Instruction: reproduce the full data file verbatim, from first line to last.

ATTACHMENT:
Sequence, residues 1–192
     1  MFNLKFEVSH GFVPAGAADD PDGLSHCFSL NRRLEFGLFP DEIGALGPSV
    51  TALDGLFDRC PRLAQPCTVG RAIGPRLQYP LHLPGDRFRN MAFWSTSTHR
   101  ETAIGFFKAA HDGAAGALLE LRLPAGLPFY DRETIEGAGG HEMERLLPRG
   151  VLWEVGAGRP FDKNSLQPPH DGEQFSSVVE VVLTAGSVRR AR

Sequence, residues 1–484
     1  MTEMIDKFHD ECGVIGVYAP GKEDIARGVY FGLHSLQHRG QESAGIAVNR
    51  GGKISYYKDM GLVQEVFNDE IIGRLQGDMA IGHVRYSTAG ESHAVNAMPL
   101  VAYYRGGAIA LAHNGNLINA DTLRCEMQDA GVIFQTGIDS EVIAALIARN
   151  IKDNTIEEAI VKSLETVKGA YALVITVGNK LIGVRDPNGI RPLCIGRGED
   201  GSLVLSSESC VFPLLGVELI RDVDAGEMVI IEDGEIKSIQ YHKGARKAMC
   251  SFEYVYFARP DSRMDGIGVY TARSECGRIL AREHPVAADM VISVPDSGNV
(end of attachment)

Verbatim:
Sequence, residues 1–192
     1  MFNLKFEVSH GFVPAGAADD PDGLSHCFSL NRRLEFGLFP DEIGALGPSV
    51  TALDGLFDRC PRLAQPCTVG RAIGPRLQYP LHLPGDRFRN MAFWSTSTHR
   101  ETAIGFFKAA HDGAAGALLE LRLPAGLPFY DRETIEGAGG HEMERLLPRG
   151  VLWEVGAGRP FDKNSLQPPH DGEQFSSVVE VVLTAGSVRR AR

Sequence, residues 1–484
     1  MTEMIDKFHD ECGVIGVYAP GKEDIARGVY FGLHSLQHRG QESAGIAVNR
    51  GGKISYYKDM GLVQEVFNDE IIGRLQGDMA IGHVRYSTAG ESHAVNAMPL
   101  VAYYRGGAIA LAHNGNLINA DTLRCEMQDA GVIFQTGIDS EVIAALIARN
   151  IKDNTIEEAI VKSLETVKGA YALVITVGNK LIGVRDPNGI RPLCIGRGED
   201  GSLVLSSESC VFPLLGVELI RDVDAGEMVI IEDGEIKSIQ YHKGARKAMC
   251  SFEYVYFARP DSRMDGIGVY TARSECGRIL AREHPVAADM VISVPDSGNV